BERLIN — With its newest mouse, Razer is gunning for first-person shooter fans.
The Razer Basilisk, which was just announced at IFA and will release for $69.99 this month on Razer’s website, is custom-built for FPS games like PlayerUnknown’s Battlegrounds or the upcoming Call of Duty: World War II.
The Basilisk features a 16,000 DPI sensor. According to Razer, this is the same one that used in the Razer Lancehead Tournament Edition that the company released earlier this year, as well as its DeathAdder Elite mouse. Besides left and right click, The Basilisk includes eight customizable buttons and a scroll wheel with adjustable resistance.
Perhaps most important is the clutch, a small paddle meant to make it easier to perform more actions. By default, it lets players decrease or increase the DPI setting on the fly, depending on if they’re shooting from close range or far away. The mouse comes with two different clutches (a short one and a long one) to accommodate different hand sizes. If you don’t want to use the clutch at all, you can replace it with a rubber cap. Like all of the other buttons, the clutch is customizable in Razer’s Synapse software.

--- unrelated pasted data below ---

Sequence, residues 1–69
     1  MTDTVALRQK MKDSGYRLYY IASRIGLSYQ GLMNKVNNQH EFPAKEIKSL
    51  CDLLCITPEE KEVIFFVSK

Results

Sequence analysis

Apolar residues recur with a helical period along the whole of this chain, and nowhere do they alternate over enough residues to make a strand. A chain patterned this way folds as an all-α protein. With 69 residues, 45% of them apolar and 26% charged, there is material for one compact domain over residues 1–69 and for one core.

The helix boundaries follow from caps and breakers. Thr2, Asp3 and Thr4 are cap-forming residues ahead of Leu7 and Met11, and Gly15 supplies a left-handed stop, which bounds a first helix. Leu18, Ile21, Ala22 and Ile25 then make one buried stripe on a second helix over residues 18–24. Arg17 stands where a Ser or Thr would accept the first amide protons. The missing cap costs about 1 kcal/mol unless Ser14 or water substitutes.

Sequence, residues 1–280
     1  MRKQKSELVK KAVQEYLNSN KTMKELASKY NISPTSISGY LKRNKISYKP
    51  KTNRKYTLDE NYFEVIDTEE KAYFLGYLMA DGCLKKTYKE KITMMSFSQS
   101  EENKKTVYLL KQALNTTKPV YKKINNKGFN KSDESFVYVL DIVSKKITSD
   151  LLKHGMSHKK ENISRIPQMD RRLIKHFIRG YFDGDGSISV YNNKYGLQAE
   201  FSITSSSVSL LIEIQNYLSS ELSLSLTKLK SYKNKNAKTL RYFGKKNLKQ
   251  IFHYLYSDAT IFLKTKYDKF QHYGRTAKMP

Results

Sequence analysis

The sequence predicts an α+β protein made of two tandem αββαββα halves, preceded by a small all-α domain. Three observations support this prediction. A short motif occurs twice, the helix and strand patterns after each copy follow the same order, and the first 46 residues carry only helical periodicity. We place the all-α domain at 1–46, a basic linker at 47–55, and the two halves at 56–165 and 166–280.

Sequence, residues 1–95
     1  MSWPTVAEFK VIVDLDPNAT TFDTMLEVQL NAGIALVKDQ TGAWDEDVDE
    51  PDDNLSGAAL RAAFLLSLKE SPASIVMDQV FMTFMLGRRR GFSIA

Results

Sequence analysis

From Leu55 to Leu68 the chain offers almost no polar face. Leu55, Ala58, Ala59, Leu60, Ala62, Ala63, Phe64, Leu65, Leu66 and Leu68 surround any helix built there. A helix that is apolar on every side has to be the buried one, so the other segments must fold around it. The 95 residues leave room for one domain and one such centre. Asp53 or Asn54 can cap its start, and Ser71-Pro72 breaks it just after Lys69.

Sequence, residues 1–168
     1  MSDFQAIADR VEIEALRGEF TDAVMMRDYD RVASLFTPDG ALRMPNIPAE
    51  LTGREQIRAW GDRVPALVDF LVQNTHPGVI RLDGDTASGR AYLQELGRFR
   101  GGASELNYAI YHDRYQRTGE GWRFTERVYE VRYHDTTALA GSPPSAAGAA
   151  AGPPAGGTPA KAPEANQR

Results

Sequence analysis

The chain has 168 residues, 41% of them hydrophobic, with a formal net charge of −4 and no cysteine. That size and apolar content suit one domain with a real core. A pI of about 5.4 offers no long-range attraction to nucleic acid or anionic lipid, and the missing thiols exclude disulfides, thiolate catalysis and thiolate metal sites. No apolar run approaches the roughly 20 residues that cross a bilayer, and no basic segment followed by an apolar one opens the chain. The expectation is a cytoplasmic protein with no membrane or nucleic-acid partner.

I had the opportunity to go hands-on with the Basilisk. I used it to play Battlefield 1 on Razer’s new configuration of the Blade Pro laptop and found it to be comfortable and extremely useful. My right thumb fit perfectly into the groove, and I opted for the shorter paddle, which I was less likely to accidentally click. In Razer Synapse 3, I adjusted the DPI to comfortable levels. I preferred higher DPi for machine guns that didn’t need precise aim and for melee combat, but used the clutch for guns that required finer control for shots at faraway enemies.
It shouldn’t come as much of a surprise that the Basilisk features Razer’s trademark Chroma RGB lighting, another feature you can customize in Synapse.
Lefties, however, may despair: the mouse is meant for right-handers, but at least it offers comfy-looking rubber grips.
We’ll put the Basilisk through its paces when it shows up in our labs and lets you know if it’s just as good for sharpshooters and run-and-gunners as Razer claims.